In a sense I was predestined to see this movie. Donald Miller the author of Blue Like Jazz (BLJ) is my favorite author to read – though oddly BLJ is not my favorite of his books, that honor would most likely go to To Own a Dragon or maybe if you catch me on the right day Through Painted Deserts. Steve Taylor, the director, is to this day, in my opinion, the best lyricist contemporary Christian music has ever seen. His singing is a little rough around the edges but that’s overshadowed by his lyrics. It wouldn’t be a large leap to say that much of who I have become as a Christian is directly related to contemplating his lyrics. When I heard that BLJ was being made into a movie I was excited, when I heard that it was Steve Taylor directing it I was over the moon. So, to say I was destined to see this movie is something of an understatement.
The biggest problem this movie has is its title. It’s not that Blue Like Jazz is a bad title, it’s just that it’s the title of a very particular book and this film is not that book. It would be better if it took another title and added “inspired by Blue Like Jazz” or “loosely based upon Blue Like Jazz” or, what I think it should be “a film in the spirit of Blue Like Jazz“. The problem is that a lot of people are going to come to see this film expecting to see the book on screen and they’re not going to get it, which will in turn cause a disillusionment with the film. The film is pretty good; I’d give it a B or B-. I hope people don’t miss the quality of the film as they’re not seeing BLJ – the book – on the screen.
The thing I missed from the book were several of the characters who I really wanted to meet. Rick, the pastor who swears, Tony the Beat Poet, Andrew the Protester. I also really wanted to meet John McMurray, but that’s probably because I’ve read To Own a Dragon too many times. We do meet Penny, though this isn’t really the Penny we know and love from the book. Don and his family are different as well. These are things that bug me about the movie, because I love the book.
The second biggest problem of the movie is that the book isn’t really a narrative. To me it’s more of a collection of essays that sort of weave their way through Don’s life. To make a narrative out of it would mean some serious editing, which is why all those things I miss in the previous paragraph are not in the film. I think as a result they came up a good story, in the spirit of the book.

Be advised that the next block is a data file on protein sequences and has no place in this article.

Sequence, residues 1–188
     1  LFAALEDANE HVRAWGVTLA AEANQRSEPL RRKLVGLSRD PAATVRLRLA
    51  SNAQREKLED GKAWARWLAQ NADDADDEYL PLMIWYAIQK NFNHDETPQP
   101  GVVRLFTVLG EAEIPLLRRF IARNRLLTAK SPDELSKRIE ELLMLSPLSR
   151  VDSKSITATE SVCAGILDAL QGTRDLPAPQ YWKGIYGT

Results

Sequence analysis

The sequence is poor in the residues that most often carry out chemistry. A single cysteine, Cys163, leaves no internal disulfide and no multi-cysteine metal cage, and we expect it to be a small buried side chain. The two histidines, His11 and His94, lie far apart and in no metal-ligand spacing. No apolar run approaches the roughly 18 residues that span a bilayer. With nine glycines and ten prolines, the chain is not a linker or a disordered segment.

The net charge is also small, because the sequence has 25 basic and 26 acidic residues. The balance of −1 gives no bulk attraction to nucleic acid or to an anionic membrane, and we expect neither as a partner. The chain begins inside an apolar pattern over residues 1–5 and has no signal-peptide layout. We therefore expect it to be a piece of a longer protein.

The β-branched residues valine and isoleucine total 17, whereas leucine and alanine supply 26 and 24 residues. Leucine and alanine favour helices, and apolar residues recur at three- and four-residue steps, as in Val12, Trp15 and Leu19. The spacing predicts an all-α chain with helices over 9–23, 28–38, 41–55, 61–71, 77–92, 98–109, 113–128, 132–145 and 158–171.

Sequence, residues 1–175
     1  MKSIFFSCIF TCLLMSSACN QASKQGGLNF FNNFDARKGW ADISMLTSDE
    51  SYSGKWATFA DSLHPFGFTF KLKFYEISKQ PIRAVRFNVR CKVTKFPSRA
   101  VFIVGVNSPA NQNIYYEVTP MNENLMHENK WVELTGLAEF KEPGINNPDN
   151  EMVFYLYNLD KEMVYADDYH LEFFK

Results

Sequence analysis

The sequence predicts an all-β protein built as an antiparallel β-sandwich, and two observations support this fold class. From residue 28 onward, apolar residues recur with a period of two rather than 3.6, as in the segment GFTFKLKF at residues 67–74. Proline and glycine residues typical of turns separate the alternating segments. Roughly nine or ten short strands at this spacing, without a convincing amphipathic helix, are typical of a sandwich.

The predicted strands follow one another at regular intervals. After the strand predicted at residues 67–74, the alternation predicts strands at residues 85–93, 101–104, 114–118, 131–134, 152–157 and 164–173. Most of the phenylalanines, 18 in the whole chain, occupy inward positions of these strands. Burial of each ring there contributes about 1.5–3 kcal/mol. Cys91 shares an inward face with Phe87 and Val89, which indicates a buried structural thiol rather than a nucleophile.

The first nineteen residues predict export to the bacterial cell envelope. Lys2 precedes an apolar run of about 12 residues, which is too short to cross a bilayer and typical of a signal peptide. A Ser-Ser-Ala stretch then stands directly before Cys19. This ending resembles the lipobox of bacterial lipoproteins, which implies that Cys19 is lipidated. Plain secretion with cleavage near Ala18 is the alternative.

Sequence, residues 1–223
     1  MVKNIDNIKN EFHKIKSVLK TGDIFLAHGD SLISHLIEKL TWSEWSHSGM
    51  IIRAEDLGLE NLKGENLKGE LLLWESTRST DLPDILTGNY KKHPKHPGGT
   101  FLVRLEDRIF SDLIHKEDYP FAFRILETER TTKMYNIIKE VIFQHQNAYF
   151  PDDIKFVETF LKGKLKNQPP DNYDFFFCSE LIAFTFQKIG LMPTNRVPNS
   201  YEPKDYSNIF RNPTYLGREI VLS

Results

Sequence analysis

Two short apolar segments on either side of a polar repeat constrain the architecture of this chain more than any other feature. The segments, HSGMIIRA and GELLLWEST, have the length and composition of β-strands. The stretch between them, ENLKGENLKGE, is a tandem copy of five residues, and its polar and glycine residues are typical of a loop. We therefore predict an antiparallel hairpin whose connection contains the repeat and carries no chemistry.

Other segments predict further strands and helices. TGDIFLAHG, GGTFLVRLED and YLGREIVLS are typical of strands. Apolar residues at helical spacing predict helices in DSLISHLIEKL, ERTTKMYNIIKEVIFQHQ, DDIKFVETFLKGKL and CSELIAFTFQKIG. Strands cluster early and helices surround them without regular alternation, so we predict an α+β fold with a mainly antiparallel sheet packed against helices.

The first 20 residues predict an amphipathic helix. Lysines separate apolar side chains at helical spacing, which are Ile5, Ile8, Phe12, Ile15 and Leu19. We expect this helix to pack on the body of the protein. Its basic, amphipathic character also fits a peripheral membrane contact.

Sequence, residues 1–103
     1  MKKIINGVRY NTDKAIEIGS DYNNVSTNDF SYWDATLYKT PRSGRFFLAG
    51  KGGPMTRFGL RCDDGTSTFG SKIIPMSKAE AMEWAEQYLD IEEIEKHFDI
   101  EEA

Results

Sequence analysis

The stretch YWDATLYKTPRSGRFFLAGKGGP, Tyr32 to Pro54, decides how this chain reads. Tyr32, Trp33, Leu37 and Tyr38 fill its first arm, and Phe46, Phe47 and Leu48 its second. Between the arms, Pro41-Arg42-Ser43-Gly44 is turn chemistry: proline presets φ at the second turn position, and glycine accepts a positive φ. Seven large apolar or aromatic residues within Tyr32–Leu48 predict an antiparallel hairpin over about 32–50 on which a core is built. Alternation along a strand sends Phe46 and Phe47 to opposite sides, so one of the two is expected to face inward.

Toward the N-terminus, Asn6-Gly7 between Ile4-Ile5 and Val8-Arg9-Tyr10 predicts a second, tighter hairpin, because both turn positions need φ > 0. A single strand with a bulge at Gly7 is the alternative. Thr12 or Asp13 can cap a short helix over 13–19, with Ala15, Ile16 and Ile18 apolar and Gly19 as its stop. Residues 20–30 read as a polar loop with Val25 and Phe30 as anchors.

In the film Don comes from a part of Texas where everyone is Christian and likely Baptist. He’s surrounded by Christianity with the exception of his father who is a jazz loving, free thinking, ‘homeless’ man who apparently sleeps with his interns. When his mother does the unthinkable – to him – his faith is crushed and he runs away to Reed College in Portland, Oregon where his father has conveniently already enrolled him. For those unfamiliar with Reed, it’s a college full of really smart kids and a bastion of hedonism – that is to say anything (literally anything) goes. I was talking with a friend last night who applied to Reed and did a campus visit who assured me that in the film they capture the essence of Reed quite accurately.
This collision of hedonistic living and his fundamentalist upbringing causes havoc in Don’s life that results in him asking big questions that he wouldn’t have asked in Texas. And the story goes from there.
I think the biggest strength of the film is that it caused me to reflect on my spiritual journey. Don comes to many conclusions that would not have been possible without Reed and his family’s influence. In the same way I have to think about who I would be if I had stayed in Maine with my fundamentalist (in a good way) Pentecostal church. There are so many particularities that make us who we are and bring us to where we’re going that it’s hard to name them all. I think the film does a good job of highlighting a few of them for Don. The problem is that it really only highlights them and never fills them out. Nonetheless, they do the job and make for a touching and thoughtful film.
I’m biased, because I love the book and the author and the director, so take this with a grain of salt. Despite its shortcomings, I will own this movie because it reminds me of my spiritual journey and ultimately reminds me that nobody’s spiritual journey is as clean as we’d like it to be. It reminds me that it’s OK that it takes a while for people to come to Christ and that things can be really crappy along the way – both coming to Christ and living with Him. And, most importantly, it reminds me that loving people is not contingent on them being Christian.